To top it all off, it wasn't meant for music notation. Symbols like Accelerandos, Ritardandos are notably absent- changes to tempos are hardcoded. Many other symbols are absent as well. Sometimes notes need to be formatted in a special way (ie- for readability, or left/right hand on piano).

Anyone who has ever composed in Finale, Sibelius, etc and tried to export to midi will notice the limitations right away. Why, what's your beef with XML anyway?

Comment: Re:This has to stop (Score 1) 288

by Cornelius the Great (#35529292) Attached to: Judge Lets Sony Access GeoHot's PayPal Account
Please don't confuse capitalism with corporatism. The very fact that the Government would dictate or allow someone else to dictate what someone can and cannot do with his/her own property goes against one of the basic tenets of free-market capitalism. In a true capitalist system, Sony wouldn't be able to take legal action against modchip manufacturers.

"Intellectual property" is another concept that is falsely attributed to capitalism. The government should never enforce monopolies, especially over ideas.

Comment: Re:except (Score 1) 262

by Cornelius the Great (#35418758) Attached to: Facebook May Bust Up the SMS Profit Cartel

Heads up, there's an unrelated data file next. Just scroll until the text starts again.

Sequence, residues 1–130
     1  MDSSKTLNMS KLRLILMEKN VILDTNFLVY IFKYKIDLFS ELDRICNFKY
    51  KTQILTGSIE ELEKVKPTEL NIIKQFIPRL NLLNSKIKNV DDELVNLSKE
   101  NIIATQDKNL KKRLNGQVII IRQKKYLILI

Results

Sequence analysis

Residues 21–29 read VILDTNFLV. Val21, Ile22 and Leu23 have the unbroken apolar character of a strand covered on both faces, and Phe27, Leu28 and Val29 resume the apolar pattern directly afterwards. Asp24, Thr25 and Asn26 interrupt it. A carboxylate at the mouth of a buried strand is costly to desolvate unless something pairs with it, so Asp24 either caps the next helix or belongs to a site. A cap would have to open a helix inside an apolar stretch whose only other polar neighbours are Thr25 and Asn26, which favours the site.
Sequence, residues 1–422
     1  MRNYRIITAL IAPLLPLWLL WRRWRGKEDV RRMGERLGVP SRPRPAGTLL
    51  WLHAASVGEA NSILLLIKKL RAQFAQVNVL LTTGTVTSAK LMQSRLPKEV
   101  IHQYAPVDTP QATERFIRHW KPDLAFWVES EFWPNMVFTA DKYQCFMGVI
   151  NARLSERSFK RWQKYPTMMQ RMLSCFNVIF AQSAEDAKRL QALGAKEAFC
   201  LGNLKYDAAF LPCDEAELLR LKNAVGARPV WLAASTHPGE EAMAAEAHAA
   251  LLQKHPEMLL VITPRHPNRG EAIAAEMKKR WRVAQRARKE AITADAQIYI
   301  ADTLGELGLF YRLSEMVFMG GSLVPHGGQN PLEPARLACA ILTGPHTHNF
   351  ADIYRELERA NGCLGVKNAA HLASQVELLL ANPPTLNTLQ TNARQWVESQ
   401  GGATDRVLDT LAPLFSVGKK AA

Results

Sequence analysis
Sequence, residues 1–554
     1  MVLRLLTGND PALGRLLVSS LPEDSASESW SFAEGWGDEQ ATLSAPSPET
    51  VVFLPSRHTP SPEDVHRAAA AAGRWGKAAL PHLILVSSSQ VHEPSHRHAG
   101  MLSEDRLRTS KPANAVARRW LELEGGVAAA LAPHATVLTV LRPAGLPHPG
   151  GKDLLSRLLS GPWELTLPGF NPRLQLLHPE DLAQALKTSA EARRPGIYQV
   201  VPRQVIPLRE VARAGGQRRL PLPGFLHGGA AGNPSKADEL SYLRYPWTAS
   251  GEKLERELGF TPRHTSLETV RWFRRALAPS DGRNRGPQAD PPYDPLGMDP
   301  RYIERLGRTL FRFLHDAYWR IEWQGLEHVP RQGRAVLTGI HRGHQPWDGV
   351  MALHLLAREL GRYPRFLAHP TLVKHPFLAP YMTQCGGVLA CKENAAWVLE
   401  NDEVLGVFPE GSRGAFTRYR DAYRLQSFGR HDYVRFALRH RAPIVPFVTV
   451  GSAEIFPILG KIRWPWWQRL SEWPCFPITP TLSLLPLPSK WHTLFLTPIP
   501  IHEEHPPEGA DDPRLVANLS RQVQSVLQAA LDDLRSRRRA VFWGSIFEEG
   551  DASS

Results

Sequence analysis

I don't know if you're being sarcastic, but in case you aren't...

Some Motorola Android phones have MotoBlur, which require a MotoBlur account (it does its own cloud syncing). My Atrix, unfortunately, is one of those phones.

I believe the Motorola Droid phones (Droid, Droid 2, Droid X) on Verizon don't have MotoBlur, and thus don't require a Motorola account.

Comment: Re:"Mobility Carts" (Score 3, Interesting) 21

by Cornelius the Great (#35216182) Attached to: Shoplifter Gets Caught When Her Mobility Cart Gets Stuck
This kind of thing pisses me off. After having knee replacement a few years ago, I was hobbling around on crutches for a month- and shopping with a regular cart was a pain in the ass. There were times when I went to the grocery store and the "mobility carts" were all taken up by fatasses who could really use the exercise.

I've always wanted to tell them off, "Hey tubby, laziness and lack of self-control isn't a disability!"

I can't imagine how people with permanent disabilities would feel in that situation.

Comment: Re:Uh, what? (Score 2) 353

by Cornelius the Great (#35199644) Attached to: Saudi Students In US Seek Segregation By Gender On Facebook
No joke.

That's why there are "no gays" in Iran, as Mahmoud Ahmadinejad joked about on a previous US visit. Known homosexuals are either forced to have gender reassignment surgery, or risk jail or execution. It mirrors the way western countries forced gays to undergo chemical castration as recent as 50 years ago (like what happened to Turing), but it's terrible that this kind of thing still happens today.

"And do you think (fop that I am) that I could be the Scarlet Pumpernickel?" -- Looney Tunes, The Scarlet Pumpernickel (1950, Chuck Jones)

Working...